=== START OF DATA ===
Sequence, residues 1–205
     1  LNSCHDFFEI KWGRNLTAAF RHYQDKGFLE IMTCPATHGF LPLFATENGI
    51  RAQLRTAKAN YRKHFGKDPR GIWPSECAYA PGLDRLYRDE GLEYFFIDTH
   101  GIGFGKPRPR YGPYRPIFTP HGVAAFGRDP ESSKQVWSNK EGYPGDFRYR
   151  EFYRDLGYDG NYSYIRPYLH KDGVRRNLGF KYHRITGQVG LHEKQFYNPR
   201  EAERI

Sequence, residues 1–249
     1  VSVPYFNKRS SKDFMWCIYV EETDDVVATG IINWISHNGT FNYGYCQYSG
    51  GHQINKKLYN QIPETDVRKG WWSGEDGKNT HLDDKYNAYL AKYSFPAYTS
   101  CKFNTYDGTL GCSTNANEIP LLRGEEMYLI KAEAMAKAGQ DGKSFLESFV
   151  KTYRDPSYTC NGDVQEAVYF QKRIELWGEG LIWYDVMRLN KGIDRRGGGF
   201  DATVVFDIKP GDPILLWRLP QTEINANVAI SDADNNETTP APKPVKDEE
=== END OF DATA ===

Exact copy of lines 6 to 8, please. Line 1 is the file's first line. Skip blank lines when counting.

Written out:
   201  EAERI

Sequence, residues 1–249
     1  VSVPYFNKRS SKDFMWCIYV EETDDVVATG IINWISHNGT FNYGYCQYSG